Bryan Mills: "Economic linkages within the rural economy: The case of producer services"

Julia Dawson: "Seasonal variations in rural travel patterns and their environmental impact"


The following articles and conference papers have been based on data from the baseline surveys and these projects:

Errington,A.J. (1997) "Rural Employment Issues in the Peri-urban Fringe" in Bollman,R.D. and Bryden,J. (Eds) Rural Employment: An International Perspective, Wallingford: CAB International, ISBN 0 85199 198 X, 205-224.

 Courtney, P., Cullinane,S.L., Dawson,J. and Errington,A.J., (1998) Rural Travel Patterns: A Comparison Between Two Market Towns, Paper presented to the 30th Annual Universities Transport Study Group Conference, Trinity College, Dublin 5-7 January 1998.

 Courtney,P., Errington,A.J. and Cullinane,S. (1998) The spatial pattern of rural economic transactions: The case of the English market town, Paper presented to the annual conference of the Agricultural Economics Society, The University of Reading 25-28 March 1998.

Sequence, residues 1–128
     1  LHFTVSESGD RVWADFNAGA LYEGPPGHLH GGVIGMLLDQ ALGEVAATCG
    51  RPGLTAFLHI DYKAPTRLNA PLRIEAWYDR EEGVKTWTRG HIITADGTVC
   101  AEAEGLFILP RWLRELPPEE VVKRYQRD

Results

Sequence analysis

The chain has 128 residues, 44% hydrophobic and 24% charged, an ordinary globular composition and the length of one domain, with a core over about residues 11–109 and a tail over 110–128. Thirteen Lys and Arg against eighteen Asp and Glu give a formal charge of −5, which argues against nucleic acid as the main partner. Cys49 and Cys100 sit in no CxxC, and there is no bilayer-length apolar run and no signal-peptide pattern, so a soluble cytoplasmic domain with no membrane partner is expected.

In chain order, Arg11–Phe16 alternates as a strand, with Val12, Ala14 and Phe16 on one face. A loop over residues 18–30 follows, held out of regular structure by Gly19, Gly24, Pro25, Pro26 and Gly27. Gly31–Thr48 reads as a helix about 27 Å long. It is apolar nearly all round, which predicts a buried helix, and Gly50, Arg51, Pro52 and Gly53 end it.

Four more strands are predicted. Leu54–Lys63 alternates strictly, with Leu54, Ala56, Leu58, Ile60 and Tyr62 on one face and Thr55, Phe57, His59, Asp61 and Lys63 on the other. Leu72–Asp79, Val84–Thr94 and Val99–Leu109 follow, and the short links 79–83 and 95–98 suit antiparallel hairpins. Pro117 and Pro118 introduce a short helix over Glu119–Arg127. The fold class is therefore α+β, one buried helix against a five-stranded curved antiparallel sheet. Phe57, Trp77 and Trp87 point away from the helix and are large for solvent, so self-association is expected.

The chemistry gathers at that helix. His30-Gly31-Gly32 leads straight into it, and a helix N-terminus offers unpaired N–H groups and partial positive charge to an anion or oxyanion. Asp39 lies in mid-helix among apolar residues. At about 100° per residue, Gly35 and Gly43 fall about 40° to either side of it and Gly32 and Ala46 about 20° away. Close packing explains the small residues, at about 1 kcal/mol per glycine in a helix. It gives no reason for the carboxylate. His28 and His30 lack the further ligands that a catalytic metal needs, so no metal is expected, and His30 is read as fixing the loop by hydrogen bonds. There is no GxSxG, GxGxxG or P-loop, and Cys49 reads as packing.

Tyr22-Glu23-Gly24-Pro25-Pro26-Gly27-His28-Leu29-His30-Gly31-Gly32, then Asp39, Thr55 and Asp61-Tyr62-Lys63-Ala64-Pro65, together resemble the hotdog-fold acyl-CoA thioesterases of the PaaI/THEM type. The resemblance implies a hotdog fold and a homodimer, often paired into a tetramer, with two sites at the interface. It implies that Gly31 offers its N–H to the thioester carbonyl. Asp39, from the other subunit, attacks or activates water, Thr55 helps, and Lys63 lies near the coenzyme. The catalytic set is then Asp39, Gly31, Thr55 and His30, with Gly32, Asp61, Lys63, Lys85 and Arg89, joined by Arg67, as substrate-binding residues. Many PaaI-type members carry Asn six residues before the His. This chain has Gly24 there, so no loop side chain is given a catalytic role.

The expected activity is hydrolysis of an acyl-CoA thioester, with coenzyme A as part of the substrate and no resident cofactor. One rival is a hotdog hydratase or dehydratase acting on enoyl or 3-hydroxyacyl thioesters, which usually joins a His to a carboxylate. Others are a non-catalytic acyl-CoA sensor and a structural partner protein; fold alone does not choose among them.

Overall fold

Courtney,P., Dawson,J., Errington,A.J. and Cullinane,S. (1998) The present-day functions of the English Market Town: A Comparison between ‘Remote' and ‘Accessible' Rural Areas, paper presented to RICS Research Conference, Roots98, Cambridge 14-15 April 1998.

 Cullinane,S.L., Errington,A.J., Dawson,J. and Courtney, P. (1998) Travel Patterns of Rural Residents and the Effect on the Environment, Paper Presented to 8th World Conference on Transport Research, 12-17 July 1998, Antwerp, Belgium.